We’re usually taught that it’s important to test model assumptions. For example, if your inference assumes the probability distribution for the data is a normal/gaussian distribution, then you should look at a histogram of the data to see if it actually looks like a gaussian. If it doesn’t, then you have a large risk of getting wrong or misleading answers. Or so we’re told.

Consider the following simple example. There is a parameter which we want to learn from 1000 data values , whose sampling distribution is independently for each data point. As I have argued elsewhere, the sampling distribution is really a prior for the data given the parameters, and has the same logical status as any other prior distribution. This prior doesn’t imply that a histogram of the -values *has to* look like a gaussian, but this hypothesis (call it “gaussianity”) does have quite a high prior probability.

With an improper uniform prior for , the posterior for given the data is also a gaussian with mean (i.e. the arithmetic mean of the data), and standard deviation . What we usually want to see is that the posterior density is high at the true value of . Let’s say that if the true value of is within 1.96 standard deviations of the peak of the posterior, then our inference has been “successful”. The prior probability of “success”, according to the joint prior (uniform for times gaussian for the data given ) is 95 %.

An important question is whether there is any relationship between “gaussianity” of the data, and whether the data would yield a “successful” posterior distribution. According to folklore, there should be a strong relationship: if the data are highly non-gaussian, then our inferences should be suspect, right? Well we can test that. We know the prior probability of success is 95%, but what’s the prior probability of success *given non-gaussianity*? To compute this I simulated fake parameter values and datasets from the joint prior, and calculated whether the data set was gaussian (I used a classical test to do this, and called the data non-gaussian if the p-value was below 0.0001.), and whether the inference was successful. Counting the fraction of inferences that were successful when the data were deemed non-gaussian gives us the result,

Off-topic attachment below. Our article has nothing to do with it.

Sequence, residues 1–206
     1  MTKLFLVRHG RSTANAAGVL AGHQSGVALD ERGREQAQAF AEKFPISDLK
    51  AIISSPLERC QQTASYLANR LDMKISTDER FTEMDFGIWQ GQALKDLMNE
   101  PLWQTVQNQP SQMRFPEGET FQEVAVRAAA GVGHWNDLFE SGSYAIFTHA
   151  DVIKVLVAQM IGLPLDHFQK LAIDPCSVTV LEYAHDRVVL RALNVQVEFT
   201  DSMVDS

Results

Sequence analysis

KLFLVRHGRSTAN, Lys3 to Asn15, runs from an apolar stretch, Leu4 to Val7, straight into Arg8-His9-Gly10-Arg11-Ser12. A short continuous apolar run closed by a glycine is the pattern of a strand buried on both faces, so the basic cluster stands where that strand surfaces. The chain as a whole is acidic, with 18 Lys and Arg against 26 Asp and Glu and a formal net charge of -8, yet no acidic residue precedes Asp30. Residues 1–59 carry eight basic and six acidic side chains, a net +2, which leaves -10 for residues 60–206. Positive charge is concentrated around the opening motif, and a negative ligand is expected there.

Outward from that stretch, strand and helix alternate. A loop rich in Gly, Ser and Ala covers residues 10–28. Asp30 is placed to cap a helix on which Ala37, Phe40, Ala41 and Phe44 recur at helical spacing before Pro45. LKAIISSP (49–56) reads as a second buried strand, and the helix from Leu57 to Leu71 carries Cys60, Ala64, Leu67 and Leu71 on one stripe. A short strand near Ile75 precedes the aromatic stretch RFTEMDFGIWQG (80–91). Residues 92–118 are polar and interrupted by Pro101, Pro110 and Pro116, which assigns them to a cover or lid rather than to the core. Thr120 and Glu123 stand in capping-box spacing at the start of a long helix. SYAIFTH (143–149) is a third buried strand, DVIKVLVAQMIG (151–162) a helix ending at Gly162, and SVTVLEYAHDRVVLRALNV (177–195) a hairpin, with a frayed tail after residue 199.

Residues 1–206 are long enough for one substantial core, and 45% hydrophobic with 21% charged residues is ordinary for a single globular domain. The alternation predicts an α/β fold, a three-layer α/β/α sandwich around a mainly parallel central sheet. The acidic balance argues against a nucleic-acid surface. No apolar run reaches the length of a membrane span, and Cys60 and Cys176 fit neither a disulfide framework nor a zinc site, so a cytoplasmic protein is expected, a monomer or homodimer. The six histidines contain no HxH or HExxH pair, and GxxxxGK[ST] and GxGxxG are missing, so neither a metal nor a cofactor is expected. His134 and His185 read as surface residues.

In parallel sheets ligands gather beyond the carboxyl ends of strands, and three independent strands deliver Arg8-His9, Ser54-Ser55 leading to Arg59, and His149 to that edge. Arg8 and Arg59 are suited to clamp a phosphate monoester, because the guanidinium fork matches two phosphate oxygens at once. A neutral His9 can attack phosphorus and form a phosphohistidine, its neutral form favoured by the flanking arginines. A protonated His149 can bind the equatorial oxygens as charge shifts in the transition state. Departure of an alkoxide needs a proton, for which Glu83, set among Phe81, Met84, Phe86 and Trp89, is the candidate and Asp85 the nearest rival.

wait for it…

basically 95%! That’s right, the proposition that “the data look gaussian” has *nothing whatsoever* to do with whether the inference is successful or not! Therefore doing such a ‘check’ is basically superstition. To test this further I reduced the p-value threshold to (I had to use Nested Sampling to compute the results), and the results were unchanged. So what *does* produce a successful inference? In this example it’s easy to say. Since the posterior only depends on the arithmetic mean of the data, any data set whose mean is close to the true value of will result in success – no matter how the data points are actually “distributed”.

Real inference problems are more complicated than this example. Of course it is possible to get misleading results when there are problems with your priors. The way to improve this situation is to put more thought into your priors, not to apply superstitions.

The R code I used to calculate P(success | nongaussian)

reps = 10000000

# Data size

N = 1000

# Count number of nongaussian datasets seen

nongaussian = 0

# Count number of successful inferences when the dataset was nongaussian